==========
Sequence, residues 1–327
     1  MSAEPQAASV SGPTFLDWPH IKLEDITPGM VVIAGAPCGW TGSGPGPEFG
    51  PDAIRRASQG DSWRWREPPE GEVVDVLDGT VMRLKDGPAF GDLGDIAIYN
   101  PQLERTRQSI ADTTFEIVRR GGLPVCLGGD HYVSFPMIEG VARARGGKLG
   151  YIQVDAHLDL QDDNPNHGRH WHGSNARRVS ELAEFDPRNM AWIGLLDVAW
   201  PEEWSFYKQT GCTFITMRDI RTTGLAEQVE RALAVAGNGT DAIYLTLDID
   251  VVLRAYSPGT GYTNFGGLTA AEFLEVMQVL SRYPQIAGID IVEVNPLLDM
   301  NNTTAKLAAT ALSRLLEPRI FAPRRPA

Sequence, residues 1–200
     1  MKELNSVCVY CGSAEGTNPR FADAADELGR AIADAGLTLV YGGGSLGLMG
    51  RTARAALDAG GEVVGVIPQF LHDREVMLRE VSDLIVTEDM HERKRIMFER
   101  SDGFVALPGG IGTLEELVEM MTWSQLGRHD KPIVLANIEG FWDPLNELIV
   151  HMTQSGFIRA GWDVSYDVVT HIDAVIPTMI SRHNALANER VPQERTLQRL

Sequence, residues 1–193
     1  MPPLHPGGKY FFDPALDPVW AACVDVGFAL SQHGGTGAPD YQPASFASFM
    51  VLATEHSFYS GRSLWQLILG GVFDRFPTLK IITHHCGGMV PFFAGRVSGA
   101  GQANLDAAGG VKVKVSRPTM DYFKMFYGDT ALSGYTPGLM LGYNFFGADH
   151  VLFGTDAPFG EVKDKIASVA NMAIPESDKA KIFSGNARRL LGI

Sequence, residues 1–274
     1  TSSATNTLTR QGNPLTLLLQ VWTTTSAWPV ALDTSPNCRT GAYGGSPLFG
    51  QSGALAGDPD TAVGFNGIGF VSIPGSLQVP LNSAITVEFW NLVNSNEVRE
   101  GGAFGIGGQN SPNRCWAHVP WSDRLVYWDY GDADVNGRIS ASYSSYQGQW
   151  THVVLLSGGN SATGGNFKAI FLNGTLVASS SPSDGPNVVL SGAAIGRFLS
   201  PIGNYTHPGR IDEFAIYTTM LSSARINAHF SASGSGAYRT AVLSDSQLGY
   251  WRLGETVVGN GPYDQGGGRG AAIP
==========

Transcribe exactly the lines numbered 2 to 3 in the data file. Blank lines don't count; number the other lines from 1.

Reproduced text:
     1  MSAEPQAASV SGPTFLDWPH IKLEDITPGM VVIAGAPCGW TGSGPGPEFG
    51  PDAIRRASQG DSWRWREPPE GEVVDVLDGT VMRLKDGPAF GDLGDIAIYN